Q59 Chair: In terms of the timetable for that, to what extent do we need to make those decisions now if we are to get to where we need to be by 2050, or to what extent can we defer some of those decisions until there is more evidence from some of the trials?
Baroness Brown: We really have to be making those decisions through the 2020s. We have the next five to seven years to really get a move on with those trials. In our scenarios, as I say, there is a fairly modest growth in hydrogen use to the 2030s, and it accelerates very rapidly from 2030 onwards. We have the next few years to really start getting on with those trials. We see that with the truck manufacturers, for example, who are now moving to get on with establishing which technologies they think will be effective.
Q60 Chair: What is the evidence that we are looking for to be able to make policy decisions? Is it about science? Is it about the scale-up of technology? Is it about the economics of it? What are the most important lessons that we are looking to learn from these trials?
Baroness Brown: It is not simple. It is a mixture of all of those things. We clearly need to bring hydrogen production down the cost reduction curve. At the moment, it is very expensive compared with electricity or methane because we are making it from electricity or methane. We have to really bring down the cost down. We have to explore how effectively and how cost-effectively we can transport the hydrogen. We have to look at issues such as how efficient we can get local generation of hydrogen by electrolysis, for example, at fuel stations on motorways. How does that compare with the enormous amounts of electricity you would need to fast-charge the Tesla lorry with the mega-batteries in? We really need to understand the feasibility and the different economics of these different solutions.
Q61 Chair: You mentioned the use of grey hydrogen, as it has been termed. Is it a no-regrets policy for the Government to look to convert the production of grey hydrogen into low-carbon hydrogen, whether that is green or blue?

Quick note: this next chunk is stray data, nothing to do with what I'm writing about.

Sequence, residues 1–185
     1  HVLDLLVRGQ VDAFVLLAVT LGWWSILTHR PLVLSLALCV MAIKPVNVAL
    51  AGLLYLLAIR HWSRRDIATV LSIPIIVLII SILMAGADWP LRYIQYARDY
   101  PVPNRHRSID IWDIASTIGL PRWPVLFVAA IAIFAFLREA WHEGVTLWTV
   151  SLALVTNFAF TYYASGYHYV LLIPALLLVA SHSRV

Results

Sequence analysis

Baroness Brown: Yes, because these are processes that we need to decarbonise. We have a demand to start with. We also have another very useful thing to do. Because it is a challenging situation in a new industry where you are developing demand and supply at the same time, another useful transitional thing we can do is to be able to put up to 20% of hydrogen into the current gas distribution system. That does not decarbonise heating in our homes, but, as an intermediate step that reduces our CO2 emissions in the short term, it is a place you could put an awful lot of hydrogen. If the shipping or some of the other demands do not come along at quite the rate that you expected them to, there is something you can usefully do with an excess of hydrogen.
Q62 Chair: What about the argument that that fudges the decision as to whether you should be aiming for a domestic network for hydrogen for heat, for example, rather than grasping the nettle and having an electricity-based domestic heating system, whether that is through the grid and green generation or through heat pumps? Is the danger of incremental additions of hydrogen to the existing system that it defers the decision that needs to be taken?
Baroness Brown: There is some danger that we could use it in that way, and it would be very disappointing if we did. On the other hand, we need to recognise that CO2 emissions accumulate, and that is what increases the global temperatures. The sooner we can cut CO2 emissions, the better. Doing that now, and reducing emissions now, is a beneficial thing to do from a climate change perspective. I agree with you. If we can do it, the most cost-effective way to heat buildings is through electricity with heat pumps, but we have to recognise that we have an extraordinary historical building stock in the UK. We have some of the worst-insulated buildings and homes, particularly, in the UK. There is an enormous job to do to insulate them before, in many cases, we can heat them effectively with things like heat pumps.
Q63 Chair: Thank you very much indeed. Before I turn to my colleague, Carol Monaghan, you have commented in the past that the UK needs to have a hydrogen strategy and that there has been a piecemeal approach taken so far. What is your assessment of the plans that have been published? I am thinking in particular about the 10-point plan. Does this satisfy the need, or do the Government need to go further?